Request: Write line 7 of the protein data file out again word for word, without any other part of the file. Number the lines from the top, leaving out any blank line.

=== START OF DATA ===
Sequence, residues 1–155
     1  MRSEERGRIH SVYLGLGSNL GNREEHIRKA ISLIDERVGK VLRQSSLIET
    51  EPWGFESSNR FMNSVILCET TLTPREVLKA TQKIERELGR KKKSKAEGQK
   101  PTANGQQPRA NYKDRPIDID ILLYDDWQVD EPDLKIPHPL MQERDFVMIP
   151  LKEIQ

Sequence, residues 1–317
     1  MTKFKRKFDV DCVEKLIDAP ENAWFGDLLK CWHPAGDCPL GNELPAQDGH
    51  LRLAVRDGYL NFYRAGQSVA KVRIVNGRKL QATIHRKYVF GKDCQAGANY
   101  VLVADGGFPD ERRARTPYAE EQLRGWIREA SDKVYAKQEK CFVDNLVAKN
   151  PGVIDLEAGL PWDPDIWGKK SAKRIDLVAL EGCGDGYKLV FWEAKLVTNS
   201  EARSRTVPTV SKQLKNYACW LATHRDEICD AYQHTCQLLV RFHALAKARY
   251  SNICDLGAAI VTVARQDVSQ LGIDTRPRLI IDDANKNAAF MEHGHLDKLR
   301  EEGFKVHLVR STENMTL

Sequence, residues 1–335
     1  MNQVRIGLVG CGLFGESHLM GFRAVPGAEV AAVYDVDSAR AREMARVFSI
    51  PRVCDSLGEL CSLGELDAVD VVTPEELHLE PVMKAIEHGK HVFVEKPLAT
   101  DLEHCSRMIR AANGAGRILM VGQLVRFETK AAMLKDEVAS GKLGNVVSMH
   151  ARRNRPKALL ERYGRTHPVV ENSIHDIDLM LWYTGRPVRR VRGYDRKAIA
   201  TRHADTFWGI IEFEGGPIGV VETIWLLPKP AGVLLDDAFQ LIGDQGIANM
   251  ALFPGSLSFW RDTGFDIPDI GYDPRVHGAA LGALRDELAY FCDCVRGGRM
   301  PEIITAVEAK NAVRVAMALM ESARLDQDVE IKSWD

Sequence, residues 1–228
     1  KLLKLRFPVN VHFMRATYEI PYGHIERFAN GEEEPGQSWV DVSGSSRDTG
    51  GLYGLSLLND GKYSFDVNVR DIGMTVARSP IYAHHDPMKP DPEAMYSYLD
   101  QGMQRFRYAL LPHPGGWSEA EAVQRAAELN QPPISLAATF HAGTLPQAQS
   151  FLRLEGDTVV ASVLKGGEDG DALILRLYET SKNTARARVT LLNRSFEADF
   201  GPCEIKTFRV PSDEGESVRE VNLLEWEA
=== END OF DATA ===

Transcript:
     1  MTKFKRKFDV DCVEKLIDAP ENAWFGDLLK CWHPAGDCPL GNELPAQDGH